While ya'll slept I did a test on both kilns giving them the same glass, frit, stringer, confetti to fuse at 1350, 8 min hold. The BEEG glass kiln (top elements) mushed things way down, full fuse and then some. The little clay kiln with no top elements tack fused them.

I think you are all right. I do have kiln logs....but the quasi scientist in me wants to know the "real" truth.

Thanks. This is very helpful.

Carla

Posted: Sun Apr 06, 2003 1:16 pm
by PaulS
Even if you do the cone thing you will end up with two sets of results; one set for each kiln, right?

So if you set your temperature controlling device (I'm not familiar with how a pyrometer works) until you acheive the required result for each kiln, just use those values every time for each kiln.

It's definately worth reviewing the "Knowing Your Kiln" TechNotes Brad mentioned.

From the test results you described, there could be 200degF between each firing.

Short answer Carla; you need a controller and thermocouple to save you time and glass in experiments :wink:

HTH,

Paul

Posted: Sun Apr 06, 2003 1:26 pm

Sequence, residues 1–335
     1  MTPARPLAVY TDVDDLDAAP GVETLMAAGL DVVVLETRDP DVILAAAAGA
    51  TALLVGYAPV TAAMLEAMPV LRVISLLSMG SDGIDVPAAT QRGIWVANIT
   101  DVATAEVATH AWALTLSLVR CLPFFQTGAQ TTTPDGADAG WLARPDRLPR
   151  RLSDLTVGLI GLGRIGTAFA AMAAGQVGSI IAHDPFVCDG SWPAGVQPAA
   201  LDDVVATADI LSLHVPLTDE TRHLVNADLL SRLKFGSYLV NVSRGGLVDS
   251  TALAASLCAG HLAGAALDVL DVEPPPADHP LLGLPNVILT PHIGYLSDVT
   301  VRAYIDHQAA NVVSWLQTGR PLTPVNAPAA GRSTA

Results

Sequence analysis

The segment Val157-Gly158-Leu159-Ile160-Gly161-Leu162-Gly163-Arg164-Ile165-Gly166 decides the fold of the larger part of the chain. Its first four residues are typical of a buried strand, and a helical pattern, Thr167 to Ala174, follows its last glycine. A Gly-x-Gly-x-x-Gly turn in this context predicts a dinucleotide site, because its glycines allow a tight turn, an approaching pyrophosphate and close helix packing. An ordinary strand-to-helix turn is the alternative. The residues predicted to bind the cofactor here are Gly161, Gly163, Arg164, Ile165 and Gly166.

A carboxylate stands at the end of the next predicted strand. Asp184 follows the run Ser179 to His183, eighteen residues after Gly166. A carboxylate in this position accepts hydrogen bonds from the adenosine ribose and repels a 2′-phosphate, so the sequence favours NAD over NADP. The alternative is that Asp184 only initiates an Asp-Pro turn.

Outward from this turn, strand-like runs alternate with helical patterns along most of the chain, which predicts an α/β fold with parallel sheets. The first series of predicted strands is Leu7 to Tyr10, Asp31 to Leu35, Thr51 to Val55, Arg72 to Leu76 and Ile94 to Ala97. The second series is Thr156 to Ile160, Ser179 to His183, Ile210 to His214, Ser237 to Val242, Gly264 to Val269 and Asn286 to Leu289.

by Carla
Still pondering.

The tech notes from BE seem to be more about uneven temps throughout your kiln. I'm more interested what 1350° means in my kiln. I look at Brad's book and he says BE tacks at (1300-1400). (He also sez "know your kiln.") But it appears in my big evenheat coffin kiln w/ top elements 1350° is way beyond a tack fuse.

I'm thinking Rosanna has the right idea....to know what your kiln does at which number and if the numbers don't line up with numbers in various books or guides look for the results you want and adjust accordingly.

Inotherwords, should I really be messing with my pyrometer & all it's electronics or just know that at 1350° I get a really full fuse in my big kiln?